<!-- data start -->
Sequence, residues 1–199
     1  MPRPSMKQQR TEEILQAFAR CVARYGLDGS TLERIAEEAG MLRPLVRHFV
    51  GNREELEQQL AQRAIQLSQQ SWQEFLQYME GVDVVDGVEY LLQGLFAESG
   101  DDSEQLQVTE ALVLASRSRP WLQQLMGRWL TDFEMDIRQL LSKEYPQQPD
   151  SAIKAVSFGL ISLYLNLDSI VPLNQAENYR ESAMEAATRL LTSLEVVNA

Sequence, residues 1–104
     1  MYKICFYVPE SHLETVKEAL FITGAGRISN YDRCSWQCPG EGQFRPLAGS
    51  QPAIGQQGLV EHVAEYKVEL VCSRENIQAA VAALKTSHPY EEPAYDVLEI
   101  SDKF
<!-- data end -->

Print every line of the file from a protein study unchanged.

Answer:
Sequence, residues 1–199
     1  MPRPSMKQQR TEEILQAFAR CVARYGLDGS TLERIAEEAG MLRPLVRHFV
    51  GNREELEQQL AQRAIQLSQQ SWQEFLQYME GVDVVDGVEY LLQGLFAESG
   101  DDSEQLQVTE ALVLASRSRP WLQQLMGRWL TDFEMDIRQL LSKEYPQQPD
   151  SAIKAVSFGL ISLYLNLDSI VPLNQAENYR ESAMEAATRL LTSLEVVNA

Sequence, residues 1–104
     1  MYKICFYVPE SHLETVKEAL FITGAGRISN YDRCSWQCPG EGQFRPLAGS
    51  QPAIGQQGLV EHVAEYKVEL VCSRENIQAA VAALKTSHPY EEPAYDVLEI
   101  SDKF